Osteological Development of the Snook, Centropomus Undecimalis (Teleostei, Centropomidae)
Authors: Potthoff, Thomas; Tellock, Jeffrey A.
Source: Bulletin of Marine Science, Volume 52, Number 2, March 1993 , pp. 669-716(48)
Abstract:Cartilage and bone development for the snook (Centropomus undecimalis) is described for the vertebral column, ribs, all fins and their supporting structures, hyoid arch, branchial skeleton, oromandibular area, and opercular series based on a size series of 116 laboratory-reared specimens. In addition, 70 larvae were measured live and remeasured after preservation in ethanol; no significant shrinkage occurred. Open cartilaginous neural and haemal arches develop along the straight notochord initially in three places: anterodorsad, ventrad at the center, and posteroventrad. The neural and haemal arches close and develop cartilaginous neural and haemal spines. Notochord flexion is between 3.9 and 4.3 mm NL, 10–18 days after hatching. Ossification of the vertebral column is from anterior to posterior, except that hypural complex ossifies anteriorly and posteriorly. Eight pairs of pleural and epipleural ribs develop. Epipleurals are of dermal origin, but pleurals are partially of dermal and cartilage origin. The parhypural and two hypurals first appear in cartilage below the unflexed notochord. Caudal fin rays develop from hypurals 2 and 3 outward, and at completion of flexion all principal rays are present. The caudal fin is first to begin developing rays followed by soft dorsal, anal, spinous dorsal, pectoral and pelvic fins. Completion offins is in a different order. The hypural complex is of the basic perciform type, without fusion of parts and with the primitive number of five radial cartilages. Development and structure of the pectoral girdle is typical for percoids. A symphyseal cartilage is present between the ventral approximation of the c1eithra. In some specimens, a coracoid foramen is present before ossification. The pelvic basi pterygium has a cartilaginous distal radial. Three predorsal bones precede the dorsal pterygiophores. The first pterygiophore originates from one piece of cartilage, but supports two supernumerary spines. The first anal pterygiophore originates from two cartilages and supports two supernumerary spines and a serially associated anal ray, which develops first as a soft ray but later turns into a spinous ray. The last dorsal and anal pterygiophores have posteriorly bifurcated stays. Stays develop separate from the proximal cartilages but fuse to the proximal radial before ossification. The hyoid arch develops from three pieces of cartilage. Seven branchiostegals are supported by the anterior and posterior ceratohyal. The dorsal hypohyal has a foramen, and a beryciform foramen is present on the anterior ceratohyal. Basibranchials 1–3 develop from one piece of cartilage and basibranchial 4 remains cartilaginous, as does the interarcual cartilage. Infrapharyngobranchial 4 develops from a tiny piece of cartilage which rapidly acquires teeth. The lower jaw develops from one piece of cartilage, whereas bones in the upper jaw are of dermal origin. Palatine, metapterygoid, endopterygoid, and quadrate originate from one piece of cartilage. Ectopterygoid is probably of dermal origin. Hymandibula and symplectic bones develop from one cartilage. The opercular series is of dermal origin. Preopercular spines increase in number during ontogeny.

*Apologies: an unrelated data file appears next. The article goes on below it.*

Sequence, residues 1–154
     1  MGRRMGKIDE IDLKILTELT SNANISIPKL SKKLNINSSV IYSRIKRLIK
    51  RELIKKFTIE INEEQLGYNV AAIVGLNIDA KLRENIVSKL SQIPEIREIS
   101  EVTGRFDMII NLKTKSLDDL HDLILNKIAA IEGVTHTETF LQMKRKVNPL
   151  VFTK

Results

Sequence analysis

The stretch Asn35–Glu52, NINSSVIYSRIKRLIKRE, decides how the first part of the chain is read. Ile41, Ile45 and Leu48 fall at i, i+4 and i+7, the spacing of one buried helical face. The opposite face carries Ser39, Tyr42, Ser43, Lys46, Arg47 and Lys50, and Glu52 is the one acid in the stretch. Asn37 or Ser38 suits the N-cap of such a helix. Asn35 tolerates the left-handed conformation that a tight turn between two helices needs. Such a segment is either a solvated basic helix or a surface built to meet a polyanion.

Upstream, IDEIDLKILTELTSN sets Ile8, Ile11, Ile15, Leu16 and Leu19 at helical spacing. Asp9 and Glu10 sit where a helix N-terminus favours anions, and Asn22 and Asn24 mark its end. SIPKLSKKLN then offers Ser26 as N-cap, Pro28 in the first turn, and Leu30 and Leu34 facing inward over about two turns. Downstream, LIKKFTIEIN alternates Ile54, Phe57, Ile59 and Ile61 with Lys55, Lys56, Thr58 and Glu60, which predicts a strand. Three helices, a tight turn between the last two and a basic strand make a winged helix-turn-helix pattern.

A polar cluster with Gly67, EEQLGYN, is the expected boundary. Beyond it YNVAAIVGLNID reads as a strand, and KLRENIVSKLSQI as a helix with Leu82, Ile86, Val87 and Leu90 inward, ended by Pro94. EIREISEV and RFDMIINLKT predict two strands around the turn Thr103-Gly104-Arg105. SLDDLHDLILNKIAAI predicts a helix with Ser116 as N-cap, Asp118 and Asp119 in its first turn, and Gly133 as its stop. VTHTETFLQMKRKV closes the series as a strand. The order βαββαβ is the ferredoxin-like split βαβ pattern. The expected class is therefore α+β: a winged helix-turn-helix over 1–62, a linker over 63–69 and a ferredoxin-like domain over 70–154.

Document Type: Research Article
Publication date: 1993-03-01
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